Three-Dimensional Manual Reconstruction

This method also needs both an artist and a forensic anthropologist. In manual methods, facial reconstruction is done by using clay, plastic, or wax directly on the victim’s skull or more often a replica of the skull which has to be identified.

This method is similar to two-dimensional methods as it also requires the use of tissue depth markers of specified lengths to represent different soft tissue depths.

The markers are inserted into small holes on the skull cast at specific strategic points or landmarks. In the computerized method, computer software produces reconstruction by using scanned and stock photographs.

Methods of Manual 3D Reconstruction

1. Anthropometerical American Method/ Tissue Depth Method: This was developed by Krogman in 1946. Through this method, soft tissue depth data is considered. This method was commonly used for reconstruction by law enforcement agencies.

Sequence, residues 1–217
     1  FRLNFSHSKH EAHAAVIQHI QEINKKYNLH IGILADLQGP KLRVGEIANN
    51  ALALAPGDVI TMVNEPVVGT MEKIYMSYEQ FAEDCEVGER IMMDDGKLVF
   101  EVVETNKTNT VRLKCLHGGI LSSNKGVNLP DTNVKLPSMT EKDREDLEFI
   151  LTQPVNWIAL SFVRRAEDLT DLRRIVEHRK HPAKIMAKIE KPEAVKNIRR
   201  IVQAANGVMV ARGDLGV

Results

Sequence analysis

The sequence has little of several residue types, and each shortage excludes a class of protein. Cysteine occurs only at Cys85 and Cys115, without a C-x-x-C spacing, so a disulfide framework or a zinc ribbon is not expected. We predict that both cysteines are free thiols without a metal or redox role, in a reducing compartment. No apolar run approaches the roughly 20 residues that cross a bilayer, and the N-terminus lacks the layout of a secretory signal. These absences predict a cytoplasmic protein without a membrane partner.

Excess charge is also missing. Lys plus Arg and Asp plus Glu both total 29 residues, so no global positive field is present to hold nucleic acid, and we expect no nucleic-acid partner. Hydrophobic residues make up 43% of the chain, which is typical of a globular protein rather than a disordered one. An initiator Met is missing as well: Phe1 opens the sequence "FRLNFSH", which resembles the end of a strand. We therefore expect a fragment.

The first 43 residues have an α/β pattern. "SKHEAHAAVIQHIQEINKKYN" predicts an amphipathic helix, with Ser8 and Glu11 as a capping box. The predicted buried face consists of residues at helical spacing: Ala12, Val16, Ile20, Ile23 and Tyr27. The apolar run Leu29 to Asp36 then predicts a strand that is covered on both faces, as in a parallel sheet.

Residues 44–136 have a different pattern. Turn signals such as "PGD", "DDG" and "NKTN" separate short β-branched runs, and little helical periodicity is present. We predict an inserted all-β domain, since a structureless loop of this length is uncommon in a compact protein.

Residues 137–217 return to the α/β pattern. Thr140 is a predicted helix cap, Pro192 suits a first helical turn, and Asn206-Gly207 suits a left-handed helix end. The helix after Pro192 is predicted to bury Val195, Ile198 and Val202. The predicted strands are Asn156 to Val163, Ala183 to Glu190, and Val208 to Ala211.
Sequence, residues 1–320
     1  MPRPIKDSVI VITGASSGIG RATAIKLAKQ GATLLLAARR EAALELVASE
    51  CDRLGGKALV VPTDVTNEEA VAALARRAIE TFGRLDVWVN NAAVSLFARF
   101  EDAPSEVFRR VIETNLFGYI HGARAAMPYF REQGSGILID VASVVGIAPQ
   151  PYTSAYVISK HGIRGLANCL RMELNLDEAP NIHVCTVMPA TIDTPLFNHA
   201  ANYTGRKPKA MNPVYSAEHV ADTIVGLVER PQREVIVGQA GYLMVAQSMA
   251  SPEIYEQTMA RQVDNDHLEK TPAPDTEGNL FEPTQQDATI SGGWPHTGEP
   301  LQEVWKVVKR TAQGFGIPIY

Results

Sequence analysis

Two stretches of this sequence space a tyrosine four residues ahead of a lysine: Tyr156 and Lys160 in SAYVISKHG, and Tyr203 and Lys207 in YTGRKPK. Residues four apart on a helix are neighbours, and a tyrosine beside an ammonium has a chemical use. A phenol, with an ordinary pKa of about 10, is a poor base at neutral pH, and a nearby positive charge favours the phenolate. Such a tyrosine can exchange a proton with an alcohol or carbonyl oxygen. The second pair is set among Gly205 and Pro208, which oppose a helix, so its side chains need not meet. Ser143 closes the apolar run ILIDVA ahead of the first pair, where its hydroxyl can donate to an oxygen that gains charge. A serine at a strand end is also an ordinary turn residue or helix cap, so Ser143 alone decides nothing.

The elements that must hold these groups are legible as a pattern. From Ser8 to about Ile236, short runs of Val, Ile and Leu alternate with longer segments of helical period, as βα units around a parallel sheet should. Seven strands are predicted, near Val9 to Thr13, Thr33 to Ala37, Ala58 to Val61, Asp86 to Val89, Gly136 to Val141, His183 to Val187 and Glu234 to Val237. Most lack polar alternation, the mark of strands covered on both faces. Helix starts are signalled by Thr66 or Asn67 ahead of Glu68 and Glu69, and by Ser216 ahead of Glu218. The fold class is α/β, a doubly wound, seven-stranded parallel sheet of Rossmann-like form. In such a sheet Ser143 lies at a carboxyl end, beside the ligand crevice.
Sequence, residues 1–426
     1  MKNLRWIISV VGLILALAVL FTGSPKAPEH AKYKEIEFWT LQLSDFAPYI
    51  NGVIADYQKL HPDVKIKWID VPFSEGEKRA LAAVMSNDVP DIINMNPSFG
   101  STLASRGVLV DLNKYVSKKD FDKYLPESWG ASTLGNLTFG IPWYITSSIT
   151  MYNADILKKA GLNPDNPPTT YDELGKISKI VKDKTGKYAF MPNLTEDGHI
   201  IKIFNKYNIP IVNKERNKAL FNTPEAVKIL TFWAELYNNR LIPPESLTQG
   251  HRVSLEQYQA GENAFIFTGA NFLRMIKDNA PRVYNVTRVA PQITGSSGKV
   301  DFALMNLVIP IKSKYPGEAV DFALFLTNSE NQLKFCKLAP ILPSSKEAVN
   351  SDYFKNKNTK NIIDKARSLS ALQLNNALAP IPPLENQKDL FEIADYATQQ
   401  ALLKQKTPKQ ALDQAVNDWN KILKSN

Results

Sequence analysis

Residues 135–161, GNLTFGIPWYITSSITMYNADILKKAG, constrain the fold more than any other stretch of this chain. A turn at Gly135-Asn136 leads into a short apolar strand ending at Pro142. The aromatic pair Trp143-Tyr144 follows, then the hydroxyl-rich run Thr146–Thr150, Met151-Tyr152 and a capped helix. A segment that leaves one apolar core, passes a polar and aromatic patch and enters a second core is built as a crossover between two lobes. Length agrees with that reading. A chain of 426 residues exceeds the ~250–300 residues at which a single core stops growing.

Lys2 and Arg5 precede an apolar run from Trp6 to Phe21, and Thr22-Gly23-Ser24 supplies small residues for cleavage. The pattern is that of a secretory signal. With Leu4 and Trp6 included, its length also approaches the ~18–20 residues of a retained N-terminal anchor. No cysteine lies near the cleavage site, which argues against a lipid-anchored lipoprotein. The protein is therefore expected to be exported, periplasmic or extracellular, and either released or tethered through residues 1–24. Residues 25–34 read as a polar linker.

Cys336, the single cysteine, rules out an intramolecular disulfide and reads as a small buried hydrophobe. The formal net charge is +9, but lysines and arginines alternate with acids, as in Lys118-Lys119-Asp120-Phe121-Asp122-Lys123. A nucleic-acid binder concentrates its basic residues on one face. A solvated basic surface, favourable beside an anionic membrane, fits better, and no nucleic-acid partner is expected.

Fine measurements were obtained by the use of needles, X-rays, or ultrasound. As facial muscles are recorded in a proper anatomical manner, this method requires highly trained personnel, so this technique is not preferred nowadays.

2. Anatomical Russian Method: This method was developed by Gerasimov in 1971. Here soft tissue depth data was not considered but facial muscles were used in anatomical position.

In this method, reconstruction was done by shaping muscles, glands, and cartilage onto the skull layer by layer. This technique is not commonly used these days.

This method is much slower than the American method and a greater degree of anatomical knowledge is required. Reconstruction of fossilized skulls has been achieved by this method.